In today’s newsletter, we will talk about the whole Boeing 737 Max saga and all the events that led up to it.
Boeing is one of the largest commercial aircraft manufacturers in the world. However, of late, the company has had to deal with a bit of turbulence. In a series of unfortunate events, two of its aircraft malfunctioned midair, sending hundreds of passengers plummeting to their death. When the second aircraft crashed, airlines the world over were forced to ground all Boeing 737 Max airplanes (the malfunctioning aircraft) pending an investigation. And when Boeing finally realized the fallout was too much to contain, they finally announced that the company would halt the production of all 737 Max airplanes until the US Federal Aviation Administration (FAA) gives them the all-clear. Which for all practical purposes could be — never.
But the questions still remain.
How on earth did Boeing manufacture a faulty aircraft and how did regulators ever let it fly?
Well, it all began when American Airlines called Boeing to tell them they were considering placing a large order for a new fleet of more fuel-efficient aircraft with a rival company — Airbus. They said they were looking at buying the new Airbus A320neo and Boeing suddenly realised it had a massive problem on its hands.
When the development of A320neo was originally announced, Boeing wasn’t really that concerned. They thought the plane would probably end up being too pricey for most airlines and instead of retaliating immediately, they decided to take things slow and build a new plane from scratch. But the call from American Airlines derailed those plans almost instantaneously and sent Boeing into ‘do or die’ mode.
Now, building an airplane from the ground up takes time. So, Boeing decided to upgrade one of its existing models, the Boeing 737 and churn out a more swanky fuel-efficient version — the Boeing 737 Max. Obviously, this also meant the company was under some serious time constraints. So, Boeing did the next most logical thing — Push its staff to the brink (*eye roll*).
Technical drawings for the model were being churned out at double the pace, workers from other departments were pulled in for the Max project, and timely delivery took precedence over quality. The idea was to make small but significant changes to 737 while sticking to the original design. This, they believed would help with the certification. The engineers were also instructed to not make any changes that would necessitate additional training for the pilots. The company wanted to keep the cost low and get it done ASAP.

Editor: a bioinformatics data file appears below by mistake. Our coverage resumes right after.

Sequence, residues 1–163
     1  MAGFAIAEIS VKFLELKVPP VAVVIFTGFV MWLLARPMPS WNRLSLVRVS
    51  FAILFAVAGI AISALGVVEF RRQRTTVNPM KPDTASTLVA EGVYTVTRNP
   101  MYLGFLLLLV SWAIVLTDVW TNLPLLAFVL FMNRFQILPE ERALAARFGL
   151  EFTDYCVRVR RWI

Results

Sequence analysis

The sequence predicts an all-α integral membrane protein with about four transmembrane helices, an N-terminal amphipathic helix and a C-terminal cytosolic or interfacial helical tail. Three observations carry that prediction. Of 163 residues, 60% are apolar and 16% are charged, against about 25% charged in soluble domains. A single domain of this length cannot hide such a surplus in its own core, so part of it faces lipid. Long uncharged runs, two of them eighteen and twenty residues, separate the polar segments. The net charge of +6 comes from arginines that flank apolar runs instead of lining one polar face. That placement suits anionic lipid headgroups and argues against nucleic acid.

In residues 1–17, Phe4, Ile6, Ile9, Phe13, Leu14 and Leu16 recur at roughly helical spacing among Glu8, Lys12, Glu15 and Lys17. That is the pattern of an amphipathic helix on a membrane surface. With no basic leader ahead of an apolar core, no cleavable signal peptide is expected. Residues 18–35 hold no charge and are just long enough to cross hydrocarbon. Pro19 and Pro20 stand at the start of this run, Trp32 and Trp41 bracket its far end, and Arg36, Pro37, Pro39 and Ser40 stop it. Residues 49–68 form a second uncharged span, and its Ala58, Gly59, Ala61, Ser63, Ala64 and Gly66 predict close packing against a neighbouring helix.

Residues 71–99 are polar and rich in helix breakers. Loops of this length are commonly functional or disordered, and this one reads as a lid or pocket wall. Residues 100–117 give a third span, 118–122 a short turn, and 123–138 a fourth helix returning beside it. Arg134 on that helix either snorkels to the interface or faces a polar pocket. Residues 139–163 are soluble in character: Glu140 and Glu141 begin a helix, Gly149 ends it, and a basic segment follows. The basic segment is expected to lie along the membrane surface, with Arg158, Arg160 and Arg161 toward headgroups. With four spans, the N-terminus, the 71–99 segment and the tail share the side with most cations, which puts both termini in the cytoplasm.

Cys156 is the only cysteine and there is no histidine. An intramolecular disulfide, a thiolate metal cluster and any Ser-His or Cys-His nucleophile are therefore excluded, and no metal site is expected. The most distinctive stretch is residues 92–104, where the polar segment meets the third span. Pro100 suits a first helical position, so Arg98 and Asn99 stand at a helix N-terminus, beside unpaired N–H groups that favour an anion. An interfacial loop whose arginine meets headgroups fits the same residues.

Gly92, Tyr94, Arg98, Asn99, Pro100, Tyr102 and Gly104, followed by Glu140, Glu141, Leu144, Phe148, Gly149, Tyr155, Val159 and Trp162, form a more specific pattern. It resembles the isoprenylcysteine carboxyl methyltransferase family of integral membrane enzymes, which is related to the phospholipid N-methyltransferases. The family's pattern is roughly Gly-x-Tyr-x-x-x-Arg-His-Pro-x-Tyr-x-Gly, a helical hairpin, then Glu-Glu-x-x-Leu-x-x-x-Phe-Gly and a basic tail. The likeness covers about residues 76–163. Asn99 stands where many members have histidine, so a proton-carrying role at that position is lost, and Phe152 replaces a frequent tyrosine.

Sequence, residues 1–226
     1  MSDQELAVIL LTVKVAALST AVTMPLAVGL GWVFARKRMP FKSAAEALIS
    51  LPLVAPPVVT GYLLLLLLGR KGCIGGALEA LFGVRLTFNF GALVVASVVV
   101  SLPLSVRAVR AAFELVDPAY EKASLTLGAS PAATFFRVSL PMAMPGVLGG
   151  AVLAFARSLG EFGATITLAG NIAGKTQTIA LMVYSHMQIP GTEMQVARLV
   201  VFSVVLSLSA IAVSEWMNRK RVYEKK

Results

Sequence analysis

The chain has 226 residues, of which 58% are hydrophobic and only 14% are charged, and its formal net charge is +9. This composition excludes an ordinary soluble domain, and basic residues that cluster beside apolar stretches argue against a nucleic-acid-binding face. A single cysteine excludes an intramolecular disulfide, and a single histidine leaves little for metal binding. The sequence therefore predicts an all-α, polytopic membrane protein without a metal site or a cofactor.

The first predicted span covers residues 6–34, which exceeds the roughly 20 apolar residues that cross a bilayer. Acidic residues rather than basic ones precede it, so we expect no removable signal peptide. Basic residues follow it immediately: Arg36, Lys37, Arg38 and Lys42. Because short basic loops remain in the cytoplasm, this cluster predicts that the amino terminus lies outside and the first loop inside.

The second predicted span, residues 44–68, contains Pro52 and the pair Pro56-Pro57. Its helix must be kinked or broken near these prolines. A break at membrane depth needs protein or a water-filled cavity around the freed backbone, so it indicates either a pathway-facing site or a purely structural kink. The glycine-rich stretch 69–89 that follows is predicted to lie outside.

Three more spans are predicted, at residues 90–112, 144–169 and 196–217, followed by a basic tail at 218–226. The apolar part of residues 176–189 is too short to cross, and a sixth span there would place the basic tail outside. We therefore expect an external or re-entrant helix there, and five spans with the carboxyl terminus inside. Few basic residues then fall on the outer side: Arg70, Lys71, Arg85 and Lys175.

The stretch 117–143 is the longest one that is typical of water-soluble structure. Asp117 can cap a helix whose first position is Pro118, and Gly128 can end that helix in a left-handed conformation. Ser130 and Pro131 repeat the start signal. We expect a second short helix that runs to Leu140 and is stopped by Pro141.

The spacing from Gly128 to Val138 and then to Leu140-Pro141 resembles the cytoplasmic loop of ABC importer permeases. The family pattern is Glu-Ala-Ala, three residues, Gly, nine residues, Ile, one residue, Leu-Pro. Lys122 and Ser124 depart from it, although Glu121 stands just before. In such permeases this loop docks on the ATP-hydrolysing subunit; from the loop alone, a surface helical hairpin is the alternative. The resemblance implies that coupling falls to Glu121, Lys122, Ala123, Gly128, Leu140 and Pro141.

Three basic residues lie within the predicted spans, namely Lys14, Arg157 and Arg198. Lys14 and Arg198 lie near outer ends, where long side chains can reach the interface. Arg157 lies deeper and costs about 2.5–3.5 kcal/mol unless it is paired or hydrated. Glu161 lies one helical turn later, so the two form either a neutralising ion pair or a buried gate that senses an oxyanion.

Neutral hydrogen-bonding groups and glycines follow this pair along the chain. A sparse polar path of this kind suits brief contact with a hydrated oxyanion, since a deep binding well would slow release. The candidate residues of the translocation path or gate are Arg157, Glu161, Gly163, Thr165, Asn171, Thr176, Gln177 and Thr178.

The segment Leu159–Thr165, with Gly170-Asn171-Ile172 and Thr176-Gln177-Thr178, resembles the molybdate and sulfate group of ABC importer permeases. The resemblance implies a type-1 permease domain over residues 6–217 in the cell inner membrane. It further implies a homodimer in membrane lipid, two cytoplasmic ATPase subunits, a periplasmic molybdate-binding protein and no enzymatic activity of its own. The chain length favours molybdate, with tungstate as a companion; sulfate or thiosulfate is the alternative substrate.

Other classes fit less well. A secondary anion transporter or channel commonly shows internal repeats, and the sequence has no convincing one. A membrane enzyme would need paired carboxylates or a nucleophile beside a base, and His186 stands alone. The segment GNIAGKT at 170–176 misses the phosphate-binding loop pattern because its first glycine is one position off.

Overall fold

And soon enough the Boeing 737 Max was there for the world to see. The regulators approved it without a hitch and American Airlines decided to buy aircraft from both Airbus and Boeing. So it was a win.
Unfortunately, it didn’t last very long.
Like Airbus, Boeing fit the aircraft with more fuel-efficient engines. But the new engines were heavier and needed to be positioned further ahead on the aircraft’s body. This placement had a problem. The plane was now prone to titling far beyond acceptable limits and potentially even stalling mid-air. To counter this, Boeing designed a sensor that could detect such stalls and automatically pitch the aircraft’s nose downwards to stabilize it. Since the software worked without manual intervention, Boeing rationalized there was no real need to tell the pilots about this new feature.
The problem, however, was that pilots had no way of knowing if the sensor was actually malfunctioning. And this little snafu led to Boeing 737 Max’s literal downfall.
The pilots of the doomed flights Lion Air 610 and Ethiopian Airlines 302 wound up struggling against a piece of software they had no idea even existed and one that had unwittingly sent their planes into a nosedive. Hundreds of people lost their lives and most countries immediately issued a diktat ordering all 737 Max aircraft to be grounded indefinitely pending a thorough investigation into the matter.
And on Monday, almost 14 months since the first crash, Boeing finally announced that they would be suspending the production of 737 Max altogether, as the company was now uncertain if the aircraft would be in service ever again.
Now obviously, this will have a sizeable impact on Boeing and all the airlines that currently own the 737 Max. For instance, SpiceJet will have to deal with the fallout as they only recently (in 2017) ordered 205 of these planes. Now albeit only 13 have actually been delivered, all of them are currently grounded. SpiceJet maintains that Boeing’s grounding will not affect its current operations but the biggest loss may be in terms of opportunity cost.
Boeing’s predicament means that SpiceJet will no longer be able to enjoy the benefits of fuel-saving and the margins that come with it. In fact, this may also put a damper on SpiceJet’s plans of overseas expansion at a time when competitors like Indigo and Vistara are going international.
So yeah Boeing messed up big time. People lost lives and multiple airline companies are now trying to scramble and fix things before this starts affecting operations. And before we leave, here’s a nice quote to remind everyone the moral of the story once again.
“Why should we be in such desperate haste to succeed, and in such desperate enterprises? If a man does not keep pace with his companions, perhaps it is because he hears a different drummer”- Henry David Thoreau